Panicum virgatum

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Panicum virgatum
Pani virga.jpg
Photo by James H. Miller & Ted Bodner, Southern Weed Science Society, Bugwood.org
Scientific classification
Kingdom: Plantae
Division: Tracheophyta- Vascular plants
Class: Lilianae - Monocotyledons
Order: Poales
Family: Poaceae
Genus: Panicum
Species: P. virgatum
Binomial name
Panicum virgatum
L.
Pani virg dist.jpg
Natural range of Panicum virgatum from USDA NRCS Plants Database.

Common names: Switchgrass; Old switch panicgrass

Taxonomic notes

Synonym: Panicum virgatum Linnaeus var. virgatum

Varieties: Panicum virgatum Linnaeus var. cubense Grisebach; Panicum virgatum Linnaeus var. spissum Linder

Description

"Spikelets usually in panicles, round or nearly so in cross section, 2-flowered, terminal fertile, basal sterile, neutral or staminate. First glume usually present, 2nd glume and sterile lemma similar; fertile lemma and palea indurate without hyaline margins. Taxonomically our most difficult and least understood genus of grasses, more than 100 species and varieties are ascribed to the Carolinas by some authors. Note general descriptions for species groups (e.g., 1-4, 5-8, 9-13, and 26-62)." [1]

"Elongate, rhizomatous perennial; culms 5-15 dm tall. Blades to 5 dm long, 1.5-8 mm wide, sparsely pilose above basally; sheaths occasionally pubescent, margins occasionally densely ciliate; ligules ciliate or lacerate, 1.5 mm long. Panicle open, 12-50 cm long, 6-20 cm broad. Spikelets 2.8-4.2 mm long. Frist glume 5-9 nerved, acute to keeled-cuspidate, 1.4-3.0 mm long, 2nd glume and sterile lemma 7-9 nerved, acute to cuspidate, 2.8-4.2 mm long, sterile palea2-2.6 mm long; fertile lemma 2-2.6 mm long. Grain grayish, 1-2 mm long." [1]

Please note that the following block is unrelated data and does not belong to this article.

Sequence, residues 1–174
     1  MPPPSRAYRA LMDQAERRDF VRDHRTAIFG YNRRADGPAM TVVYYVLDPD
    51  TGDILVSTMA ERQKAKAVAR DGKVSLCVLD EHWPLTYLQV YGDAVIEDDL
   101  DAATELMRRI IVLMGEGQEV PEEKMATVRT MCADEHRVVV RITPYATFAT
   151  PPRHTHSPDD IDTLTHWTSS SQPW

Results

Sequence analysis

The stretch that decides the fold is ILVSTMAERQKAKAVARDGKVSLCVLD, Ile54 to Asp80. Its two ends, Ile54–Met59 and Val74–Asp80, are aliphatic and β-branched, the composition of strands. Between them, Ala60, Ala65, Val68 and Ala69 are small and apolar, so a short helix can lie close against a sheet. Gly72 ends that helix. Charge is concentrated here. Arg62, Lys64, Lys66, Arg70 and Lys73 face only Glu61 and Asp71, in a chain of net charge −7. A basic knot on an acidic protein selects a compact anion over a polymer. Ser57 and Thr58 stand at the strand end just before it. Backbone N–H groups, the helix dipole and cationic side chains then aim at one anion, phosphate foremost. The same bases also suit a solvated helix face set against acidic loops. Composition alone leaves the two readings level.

Distribution

Ecology

Phenology

P. virgatum has been observed flowering in July and September.[2]

Seed dispersal

This species is thought to be dispersed by gravity. [3]

Conservation and management

Cultivation and restoration

Photo Gallery

References and notes

  1. 1.0 1.1 Radford, Albert E., Harry E. Ahles, and C. Ritchie Bell. Manual of the Vascular Flora of the Carolinas. 1964, 1968. The University of North Carolina Press. 145. Print.
  2. Nelson, G. PanFlora: Plant data for the eastern United States with emphasis on the Southeastern Coastal Plains, Florida, and the Florida Panhandle. www.gilnelson.com/PanFlora/ Accessed: 12 DEC 2016
  3. Kirkman, L. Katherine. Unpublished database of seed dispersal mode of plants found in Coastal Plain longleaf pine-grasslands of the Jones Ecological Research Center, Georgia.